Rhino Mocks, xUnit

Fun with xUnit Assert Throws and App Domains

I recently decided to update the shared libraries and tools that are used to build and unit test Rhino Mocks.

I updated psake from version 0.22 to version 4.3.1.0. Now I don’t know about you but that is a significant jump in version number. After the update, no problems. I actually find it easier to deal with and have come to the realization that I should revisit the existing tasks.

I then went ahead and update xUnit from version 1.1.0 to version 1.9.2. After the update I had a significant number of build errors. All of the build errors were concerning the Assert.Throws extension method. In the old version this method had an overload that took a “message” as a parameter. In the latest version this overload was removed.

I was very concerned with this breaking change. There were so many unit tests that used this method to verify the thrown exception message matched the expectation. I cracked open the previous version in dotPeek and took a look at the method. And what I saw was rather surprising.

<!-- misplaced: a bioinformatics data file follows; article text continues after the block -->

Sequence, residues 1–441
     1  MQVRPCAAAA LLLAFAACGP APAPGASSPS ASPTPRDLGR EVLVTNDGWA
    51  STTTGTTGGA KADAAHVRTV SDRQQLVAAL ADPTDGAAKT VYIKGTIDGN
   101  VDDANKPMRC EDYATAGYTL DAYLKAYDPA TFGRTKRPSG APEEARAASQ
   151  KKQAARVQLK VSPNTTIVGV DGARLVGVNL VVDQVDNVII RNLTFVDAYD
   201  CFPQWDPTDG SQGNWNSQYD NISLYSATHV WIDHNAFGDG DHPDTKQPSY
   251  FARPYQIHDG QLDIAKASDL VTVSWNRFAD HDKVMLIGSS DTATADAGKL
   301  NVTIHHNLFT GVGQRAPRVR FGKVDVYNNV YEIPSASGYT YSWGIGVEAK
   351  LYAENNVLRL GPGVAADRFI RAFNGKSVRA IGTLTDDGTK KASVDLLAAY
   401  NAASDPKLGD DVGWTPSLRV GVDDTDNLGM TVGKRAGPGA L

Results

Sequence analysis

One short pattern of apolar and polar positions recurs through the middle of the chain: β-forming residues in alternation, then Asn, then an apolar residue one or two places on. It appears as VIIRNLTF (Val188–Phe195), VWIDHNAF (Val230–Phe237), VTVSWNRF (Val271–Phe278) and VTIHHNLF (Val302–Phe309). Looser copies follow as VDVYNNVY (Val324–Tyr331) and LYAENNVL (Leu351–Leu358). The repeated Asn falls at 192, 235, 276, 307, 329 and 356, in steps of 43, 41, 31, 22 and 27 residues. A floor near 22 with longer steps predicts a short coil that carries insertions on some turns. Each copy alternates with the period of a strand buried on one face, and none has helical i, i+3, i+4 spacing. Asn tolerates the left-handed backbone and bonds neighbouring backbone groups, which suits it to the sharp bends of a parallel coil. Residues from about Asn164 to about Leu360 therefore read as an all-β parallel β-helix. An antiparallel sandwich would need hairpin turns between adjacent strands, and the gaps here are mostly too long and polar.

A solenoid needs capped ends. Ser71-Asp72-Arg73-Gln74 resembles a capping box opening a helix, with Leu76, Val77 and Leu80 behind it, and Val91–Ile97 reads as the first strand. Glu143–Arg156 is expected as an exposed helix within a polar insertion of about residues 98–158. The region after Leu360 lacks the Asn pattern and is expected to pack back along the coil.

public static T Throws<T>(string userMessage, ThrowsDelegate testCode)
  where T: Exception
{
  return (T) Throws(typeof(T), testCode);
}

Clearly the userMessage parameter is not being used.

Now realizing that the “message” parameter was never being used. I changed all of the unit tests and removed the messages being passed. After I fixed the unit tests everything was working perfectly. This has now become a fortunate change of events. This now provides me with the ability to change the exception messages to provide better context and more information.

All was right in the world. Well…

It was an hour after the update that I realized that I only updated the xUnit libraries. I hadn’t updated the executable or console application that actually ran the unit tests. So back to NuGet I went to get the latest (stable) version of the xUnit console application.

This is where things took a turn for the worse. There was one (and only one) unit test that was now failing. I am going to give you the namespace and test class name and let you figure out what the problem was: Rhino.Mocks.Test.Remoting.ContextSwitchTests

Talk about fun.

I will save you the gory (and embarrassing) details on how I corrected the problem. The bottom line is that I had to change the way the unit test was creating the App Domain to match the same way the xUnit was loading the unit test into it’s App Domain.

There’s a lesson in here somewhere but right now… I can’t think of it.

Coming up next is documentation and getting the first 4.0.0 alpha build out on NuGet.

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